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NASA’s First Fallen: Remembering the Tragedy of Apollo 1

This is a reprint of a post from 2013, updated for the 2016 date.
Apollo 1 astronauts Virgil I. "Gus" Grissom, Edward H. White II and Roger B. Chaffee in front of Launch Complex 34 at Kennedy Space Center on January 17, 1967 (NASA/KSC)

Apollo 1 astronauts Virgil I. “Gus” Grissom, Edward H. White II and Roger B. Chaffee in front of Launch Complex 34 at Kennedy Space Center on January 17, 1967 (NASA/KSC)

Today marks the 49th anniversary of one of the worst tragedies to befall NASA and human spaceflight: the fire that broke out in the Apollo 204 (later renamed Apollo 1) command module during a test exercise at Kennedy Space Center in 1967, claiming the lives of primary crew astronauts Virgil “Gus” Grissom, Ed White, and Roger Chaffee.

While it’s certainly not a pleasant thing to think upon, the Apollo 1 catastrophe had an undeniable impact on NASA’s Moon mission. Although it resulted in the death of three talented young men in the prime of their careers it forced NASA’s engineers to redesign the Apollo spacecraft with more safety in mind which, ultimately, contributed to the success of the entire program. Without these redesigns the Moon landings might not have occurred just a couple of years later. Despite the horror of what happened on Jan. 27, 1967, Grissom, White, and Chaffee’s tragic deaths were not in vain.

The following is a full account of the Apollo 1 fire, as told on the NASA history site.

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Remembering the Tragedy of Apollo 1

This is a reprint of a post from 2013, updated for the date and now including a map of the lunar farside.
Apollo 1 astronauts Virgil I. "Gus" Grissom, Edward H. White II and Roger B. Chaffee in front of Launch Complex 34 at Kennedy Space Center on January 17, 1967 (NASA/KSC)

Apollo 1 astronauts Virgil I. “Gus” Grissom, Edward H. White II and Roger B. Chaffee in front of Launch Complex 34 at Kennedy Space Center on January 17, 1967 (NASA/KSC)

Today marks the 48th anniversary of one of the worst tragedies to befall NASA and human spaceflight: the fire that broke out in the Apollo 204 (later renamed Apollo 1) command module during a test exercise at Kennedy Space Center in 1967, claiming the lives of primary crew astronauts Virgil “Gus” Grissom, Ed White, and Roger Chaffee.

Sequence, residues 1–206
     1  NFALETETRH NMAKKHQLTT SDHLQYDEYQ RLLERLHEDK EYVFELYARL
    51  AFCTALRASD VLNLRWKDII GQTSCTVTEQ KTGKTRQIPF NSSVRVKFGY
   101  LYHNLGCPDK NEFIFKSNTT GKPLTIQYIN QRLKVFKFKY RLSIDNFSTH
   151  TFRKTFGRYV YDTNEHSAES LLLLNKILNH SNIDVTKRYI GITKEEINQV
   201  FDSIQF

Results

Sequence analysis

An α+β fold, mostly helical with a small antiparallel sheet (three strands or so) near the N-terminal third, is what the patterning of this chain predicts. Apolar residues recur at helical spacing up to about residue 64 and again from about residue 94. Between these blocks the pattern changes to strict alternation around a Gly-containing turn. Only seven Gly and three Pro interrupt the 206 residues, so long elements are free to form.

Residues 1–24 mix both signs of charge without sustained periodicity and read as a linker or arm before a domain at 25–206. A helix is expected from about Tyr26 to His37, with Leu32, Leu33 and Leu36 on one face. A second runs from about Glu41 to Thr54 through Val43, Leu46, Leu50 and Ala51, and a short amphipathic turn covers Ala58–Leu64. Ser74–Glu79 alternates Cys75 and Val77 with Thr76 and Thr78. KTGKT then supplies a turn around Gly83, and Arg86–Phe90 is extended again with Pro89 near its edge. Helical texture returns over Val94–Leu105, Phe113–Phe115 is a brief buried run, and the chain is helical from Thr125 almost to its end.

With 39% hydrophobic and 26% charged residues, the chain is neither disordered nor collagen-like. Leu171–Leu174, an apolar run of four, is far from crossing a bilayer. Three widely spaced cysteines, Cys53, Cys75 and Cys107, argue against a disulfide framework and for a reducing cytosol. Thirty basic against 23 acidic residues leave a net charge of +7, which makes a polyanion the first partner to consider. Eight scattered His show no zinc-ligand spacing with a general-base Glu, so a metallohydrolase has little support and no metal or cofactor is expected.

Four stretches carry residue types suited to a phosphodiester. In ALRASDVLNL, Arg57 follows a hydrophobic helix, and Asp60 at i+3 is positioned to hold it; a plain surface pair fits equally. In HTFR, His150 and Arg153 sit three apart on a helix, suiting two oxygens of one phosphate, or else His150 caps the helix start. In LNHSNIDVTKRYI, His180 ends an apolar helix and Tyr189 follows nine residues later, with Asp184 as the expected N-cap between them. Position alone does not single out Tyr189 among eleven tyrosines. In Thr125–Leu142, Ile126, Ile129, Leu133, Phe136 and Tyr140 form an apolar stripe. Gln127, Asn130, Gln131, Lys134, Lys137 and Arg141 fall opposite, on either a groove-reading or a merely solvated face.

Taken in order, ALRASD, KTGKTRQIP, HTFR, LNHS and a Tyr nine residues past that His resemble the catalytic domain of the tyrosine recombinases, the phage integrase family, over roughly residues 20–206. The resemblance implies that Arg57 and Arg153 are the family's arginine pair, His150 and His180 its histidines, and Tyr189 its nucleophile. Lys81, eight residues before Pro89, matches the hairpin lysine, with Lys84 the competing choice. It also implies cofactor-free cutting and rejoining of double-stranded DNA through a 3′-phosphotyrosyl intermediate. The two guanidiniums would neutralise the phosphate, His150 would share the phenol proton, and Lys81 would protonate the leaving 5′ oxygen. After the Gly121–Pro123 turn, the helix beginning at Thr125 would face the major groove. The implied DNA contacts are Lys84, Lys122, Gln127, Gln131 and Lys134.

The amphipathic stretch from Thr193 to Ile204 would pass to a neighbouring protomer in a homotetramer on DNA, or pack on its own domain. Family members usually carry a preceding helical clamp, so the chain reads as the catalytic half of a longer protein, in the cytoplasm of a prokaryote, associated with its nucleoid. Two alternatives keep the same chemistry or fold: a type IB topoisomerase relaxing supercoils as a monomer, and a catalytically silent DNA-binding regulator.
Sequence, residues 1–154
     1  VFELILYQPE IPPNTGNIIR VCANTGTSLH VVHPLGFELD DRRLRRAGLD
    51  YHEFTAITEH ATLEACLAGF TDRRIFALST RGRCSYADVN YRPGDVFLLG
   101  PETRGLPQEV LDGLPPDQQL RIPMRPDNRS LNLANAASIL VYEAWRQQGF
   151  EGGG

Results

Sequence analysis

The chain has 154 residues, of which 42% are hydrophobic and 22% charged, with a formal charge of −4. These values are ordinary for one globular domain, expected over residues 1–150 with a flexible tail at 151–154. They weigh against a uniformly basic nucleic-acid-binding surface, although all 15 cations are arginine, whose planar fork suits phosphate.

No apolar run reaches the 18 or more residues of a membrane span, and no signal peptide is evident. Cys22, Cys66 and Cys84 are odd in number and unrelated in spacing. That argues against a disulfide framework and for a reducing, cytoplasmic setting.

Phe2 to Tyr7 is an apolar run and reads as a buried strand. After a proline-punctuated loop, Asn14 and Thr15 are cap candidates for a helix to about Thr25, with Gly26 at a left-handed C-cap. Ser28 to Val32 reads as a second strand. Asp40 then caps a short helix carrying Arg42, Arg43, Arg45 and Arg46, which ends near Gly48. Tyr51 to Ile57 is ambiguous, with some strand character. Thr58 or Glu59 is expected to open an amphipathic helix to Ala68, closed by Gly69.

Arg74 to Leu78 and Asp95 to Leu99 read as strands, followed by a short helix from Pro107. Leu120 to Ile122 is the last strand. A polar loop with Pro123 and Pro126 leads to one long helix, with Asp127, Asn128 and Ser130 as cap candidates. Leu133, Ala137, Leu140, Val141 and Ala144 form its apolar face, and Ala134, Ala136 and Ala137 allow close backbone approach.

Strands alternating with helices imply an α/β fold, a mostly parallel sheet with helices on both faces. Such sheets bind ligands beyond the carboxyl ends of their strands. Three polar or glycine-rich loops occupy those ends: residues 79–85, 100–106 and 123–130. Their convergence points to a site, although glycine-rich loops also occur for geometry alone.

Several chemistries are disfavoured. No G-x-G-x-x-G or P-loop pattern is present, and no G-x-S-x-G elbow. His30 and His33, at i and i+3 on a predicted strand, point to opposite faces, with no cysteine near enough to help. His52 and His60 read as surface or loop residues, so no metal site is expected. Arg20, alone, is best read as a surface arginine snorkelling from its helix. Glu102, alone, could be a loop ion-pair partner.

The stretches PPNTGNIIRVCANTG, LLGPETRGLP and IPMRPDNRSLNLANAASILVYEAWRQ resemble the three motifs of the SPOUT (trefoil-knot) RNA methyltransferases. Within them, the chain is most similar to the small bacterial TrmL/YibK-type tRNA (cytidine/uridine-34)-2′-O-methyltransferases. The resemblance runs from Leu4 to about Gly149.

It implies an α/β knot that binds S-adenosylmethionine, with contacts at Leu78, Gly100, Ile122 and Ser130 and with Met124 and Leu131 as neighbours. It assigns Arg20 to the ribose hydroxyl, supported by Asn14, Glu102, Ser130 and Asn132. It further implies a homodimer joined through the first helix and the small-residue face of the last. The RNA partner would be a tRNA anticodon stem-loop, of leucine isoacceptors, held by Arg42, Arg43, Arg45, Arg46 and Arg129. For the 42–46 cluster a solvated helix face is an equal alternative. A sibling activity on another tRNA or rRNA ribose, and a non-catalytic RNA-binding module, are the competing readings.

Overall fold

While it’s certainly not a pleasant thing to think upon, the Apollo 1 catastrophe still had an undeniable impact on NASA’s Moon mission. Although it resulted in the death of three talented young men in the prime of their careers it did demand engineers to redesign the Apollo spacecraft with more safety in mind which, ultimately, contributed to the success of the entire program. Without these redesigns, the Moon landings may not have succeeded just a couple of years later. Despite the horror of the event, Grissom, White and Chaffee’s deaths were not in vain.

The following is a full account of the Apollo 1 fire, as told on the NASA history site.

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Spaceflight is Still Hard: Antares Explosion Destroys Station Supplies

Explosion of the Antares rocket and Cygnus resupply vehicle on October 28, 2014. Credit: NASA/Joel Kowsky

Explosion of the Antares rocket and Cygnus resupply vehicle on October 28, 2014. Credit: NASA/Joel Kowsky

This past Tuesday, October 28, at 6:22 p.m. EDT, an Orbital Sciences Antares rocket lifted off from the shorefront pad at NASA’s Wallops Space Flight Facility in Virginia, the Cygnus vehicle inside its fairing . The third of eight planned launches in Orbital Sciences’ $1.9-billion NASA contract, the Orb-3 mission was to deliver over 5,000 lbs of cargo to the International Space Station after a beautiful nighttime launch that would be visible to viewers up and down the U.S. East Coast.

Except, as you probably know by now, that’s not at all what happened.

Just six seconds after ignition and liftoff from the pad, a series of explosions ran through the Antares rocket. Ablaze, the 133-foot-tall stack stopped in midair and then fell back onto the pad in a fiery smear, where it and its contents of fuels and cargo detonated in an enormous explosion. It was incredible, it was catastrophic, it was awful.